To deliver dependable, successful design outcomes, leaders have to keep their teams curious, creative, collaborative, energetic, and always empathetic. It might take a bit of “plate spinning,” but you’ll end up with a productive team that delivers quality work. A primary responsibility of a design leader is to create an environment that fosters creativity and divergent thinking that takes physical and mental forms. Design teams often surround themselves with artifacts from all types of design: posters, desk accessories, LEGO, Funko figures, books, and furniture. They end up with a communal inspirational space that gets them into the right frame of mind in the morning and continues to inspire them throughout the day. Other “decor” comes in the form of artifacts of their work—from a journey map made of Post-It notes to nearly finished work printed on gigantic, nine-foot plotters. It’s not hard to be inspired in these spaces, but they are hard to replicate for a remote team. Even if you give everyone the same super motivational desktop image it doesn’t come close to having the same impact as being surrounded by physical things that inspire great work.

Without the typical surroundings of the design team space, fostering creativity remotely requires thoughtful planning and ideation. Thankfully our profession comes with a number of tools that we can use to create new experiences; we just need to turn that inward and come up with activities that work within the constraints of remote work. Here are a few ideas to start:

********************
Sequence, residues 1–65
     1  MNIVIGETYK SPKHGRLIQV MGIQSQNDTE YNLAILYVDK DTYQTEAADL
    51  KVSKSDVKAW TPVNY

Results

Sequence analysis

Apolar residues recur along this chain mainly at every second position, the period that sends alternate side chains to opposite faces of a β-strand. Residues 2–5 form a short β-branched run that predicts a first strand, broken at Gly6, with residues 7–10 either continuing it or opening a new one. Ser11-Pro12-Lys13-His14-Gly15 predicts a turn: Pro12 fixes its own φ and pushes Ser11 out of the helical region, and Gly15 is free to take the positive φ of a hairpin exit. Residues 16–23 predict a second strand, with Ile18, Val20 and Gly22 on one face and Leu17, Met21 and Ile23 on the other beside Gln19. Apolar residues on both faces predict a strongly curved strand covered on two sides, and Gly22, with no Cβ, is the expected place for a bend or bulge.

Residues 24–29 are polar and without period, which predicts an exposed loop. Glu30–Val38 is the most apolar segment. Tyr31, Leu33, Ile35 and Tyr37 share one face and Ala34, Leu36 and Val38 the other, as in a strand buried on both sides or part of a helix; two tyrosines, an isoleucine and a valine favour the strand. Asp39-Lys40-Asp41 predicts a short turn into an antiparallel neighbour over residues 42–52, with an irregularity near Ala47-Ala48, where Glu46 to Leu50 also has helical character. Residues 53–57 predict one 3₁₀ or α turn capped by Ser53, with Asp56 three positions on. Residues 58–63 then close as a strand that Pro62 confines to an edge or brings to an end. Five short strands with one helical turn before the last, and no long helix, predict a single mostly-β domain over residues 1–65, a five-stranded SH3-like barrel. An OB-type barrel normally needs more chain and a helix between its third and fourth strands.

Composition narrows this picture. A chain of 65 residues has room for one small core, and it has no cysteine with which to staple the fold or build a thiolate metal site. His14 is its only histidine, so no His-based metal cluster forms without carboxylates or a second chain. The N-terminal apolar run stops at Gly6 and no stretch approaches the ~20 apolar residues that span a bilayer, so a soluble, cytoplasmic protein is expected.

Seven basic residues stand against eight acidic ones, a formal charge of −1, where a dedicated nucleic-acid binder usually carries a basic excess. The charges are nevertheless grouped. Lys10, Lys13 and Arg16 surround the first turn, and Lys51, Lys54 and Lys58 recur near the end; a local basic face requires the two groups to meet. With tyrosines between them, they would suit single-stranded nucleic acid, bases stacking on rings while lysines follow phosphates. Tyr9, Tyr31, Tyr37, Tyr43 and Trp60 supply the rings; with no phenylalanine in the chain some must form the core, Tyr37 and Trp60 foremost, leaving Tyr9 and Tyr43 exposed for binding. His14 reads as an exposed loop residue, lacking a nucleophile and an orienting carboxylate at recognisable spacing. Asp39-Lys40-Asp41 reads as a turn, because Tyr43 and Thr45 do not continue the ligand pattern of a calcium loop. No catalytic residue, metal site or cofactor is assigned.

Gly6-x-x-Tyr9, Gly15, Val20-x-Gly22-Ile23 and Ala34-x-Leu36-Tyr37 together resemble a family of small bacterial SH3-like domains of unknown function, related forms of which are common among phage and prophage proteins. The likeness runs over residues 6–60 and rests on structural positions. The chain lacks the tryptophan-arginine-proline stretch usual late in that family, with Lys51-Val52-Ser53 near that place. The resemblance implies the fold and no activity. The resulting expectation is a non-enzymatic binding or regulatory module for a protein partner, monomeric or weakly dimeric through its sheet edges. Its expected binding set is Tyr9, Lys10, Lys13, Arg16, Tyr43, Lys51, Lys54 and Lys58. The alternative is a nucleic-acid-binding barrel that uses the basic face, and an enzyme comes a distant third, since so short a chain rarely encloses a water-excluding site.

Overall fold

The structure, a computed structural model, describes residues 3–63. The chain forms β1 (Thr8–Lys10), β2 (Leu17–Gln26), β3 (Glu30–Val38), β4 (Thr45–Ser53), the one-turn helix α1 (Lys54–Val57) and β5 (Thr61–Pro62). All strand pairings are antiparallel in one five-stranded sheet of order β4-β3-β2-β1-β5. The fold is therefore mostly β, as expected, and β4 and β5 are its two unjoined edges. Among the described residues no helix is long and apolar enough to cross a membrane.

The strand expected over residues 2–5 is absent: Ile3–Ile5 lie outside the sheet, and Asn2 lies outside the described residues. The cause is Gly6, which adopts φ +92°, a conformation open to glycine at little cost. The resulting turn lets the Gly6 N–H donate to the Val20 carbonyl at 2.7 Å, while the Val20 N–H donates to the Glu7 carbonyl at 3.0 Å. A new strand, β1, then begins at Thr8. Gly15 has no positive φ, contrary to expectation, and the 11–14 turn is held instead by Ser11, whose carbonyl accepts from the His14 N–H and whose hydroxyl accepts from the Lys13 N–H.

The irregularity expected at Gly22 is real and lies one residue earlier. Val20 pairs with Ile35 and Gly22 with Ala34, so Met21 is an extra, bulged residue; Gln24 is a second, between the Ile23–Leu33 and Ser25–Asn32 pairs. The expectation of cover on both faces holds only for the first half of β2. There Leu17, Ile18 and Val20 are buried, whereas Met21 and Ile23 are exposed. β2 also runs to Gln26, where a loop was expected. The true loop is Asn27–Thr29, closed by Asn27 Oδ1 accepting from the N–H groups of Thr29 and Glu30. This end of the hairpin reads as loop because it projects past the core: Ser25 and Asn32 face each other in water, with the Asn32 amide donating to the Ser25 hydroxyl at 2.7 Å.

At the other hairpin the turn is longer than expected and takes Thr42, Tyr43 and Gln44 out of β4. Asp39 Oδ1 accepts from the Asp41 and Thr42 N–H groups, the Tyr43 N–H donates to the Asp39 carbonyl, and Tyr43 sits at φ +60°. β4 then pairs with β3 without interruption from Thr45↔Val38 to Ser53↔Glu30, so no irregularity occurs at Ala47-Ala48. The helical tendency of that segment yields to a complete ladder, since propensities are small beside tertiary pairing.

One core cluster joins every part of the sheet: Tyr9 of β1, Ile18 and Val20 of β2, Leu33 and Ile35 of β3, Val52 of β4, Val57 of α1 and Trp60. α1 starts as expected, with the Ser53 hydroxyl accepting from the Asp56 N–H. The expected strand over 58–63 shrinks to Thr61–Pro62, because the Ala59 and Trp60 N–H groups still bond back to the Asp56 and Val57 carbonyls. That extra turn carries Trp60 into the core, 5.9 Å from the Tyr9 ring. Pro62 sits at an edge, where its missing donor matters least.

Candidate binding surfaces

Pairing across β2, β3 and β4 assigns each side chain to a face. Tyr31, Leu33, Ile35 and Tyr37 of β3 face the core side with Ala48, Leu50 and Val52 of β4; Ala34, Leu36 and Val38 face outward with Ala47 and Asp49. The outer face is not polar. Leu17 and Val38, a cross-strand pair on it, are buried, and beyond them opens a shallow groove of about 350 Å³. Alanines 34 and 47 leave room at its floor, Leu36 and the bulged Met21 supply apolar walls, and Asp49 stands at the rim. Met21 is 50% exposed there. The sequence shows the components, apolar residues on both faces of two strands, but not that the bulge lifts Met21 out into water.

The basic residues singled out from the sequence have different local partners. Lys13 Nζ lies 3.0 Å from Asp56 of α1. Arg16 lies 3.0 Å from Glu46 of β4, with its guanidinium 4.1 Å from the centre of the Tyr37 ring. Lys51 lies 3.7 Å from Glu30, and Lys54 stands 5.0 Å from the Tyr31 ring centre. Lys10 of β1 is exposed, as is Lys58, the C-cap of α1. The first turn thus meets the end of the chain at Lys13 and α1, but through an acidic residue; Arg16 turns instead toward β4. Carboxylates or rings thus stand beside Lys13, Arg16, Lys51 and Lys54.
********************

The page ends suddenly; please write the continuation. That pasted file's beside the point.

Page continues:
Make time for design: Like show-and-tell that we all used to do as kids, create dedicated time per week for everyone to share at least one thing pertaining to inspirational design (or even just cool things that they read, saw, or did recently). It could be anything from someone’s UI portfolio, a podcast, a new typeface, a TED Talk, or an article in the latest issue of Eye Magazine. Take turns introducing your inspirations, who is behind the work, and why it inspires you or why you think it’s cool. Stretch your designers to present these things as if it was their own work. This helps them develop the ability to observe and interpret the work of others, create their own perspective based on rationale, and reflect on the experience.

Eight-hour design sprint: How often do we get to put our own tools to use for things we’d like to see out in the world? Set aside a day to do a quick design sprint to create a new process or tool to help your team better collaborate with your partners or create a new service to support a different area of the business.The designers at Home Depot call this “one-day problem framing.”

Steal like Austin: Speaking of taking pages, let’s grab a whole handful from Austin Kleon’s book Steal Like an Artist. A core message of the book is on stealing from the artists and people who inspire you. However, instead of simply stealing their style, dig into that person’s history and find what inspired them. Learn how to blend your own sources of inspiration into the muse that powers your creativity.

Side note: Kleon’s book is the perfect selection to read and discuss as a team. It’s a quickread and each chapter provides not only inspiration but activities to complete and share with one another. Austin has two more books, Show Your Work! and Keep Going: 10 Ways to Stay Creative in Good Times and Bad.

Weekly design challenges: Put aside 10 minutes at the start of your weekly team meeting for a quick design challenge. Have fun with it but find ways to incorporate different design thinking activities combined with new constraints to keep the challenge fresh.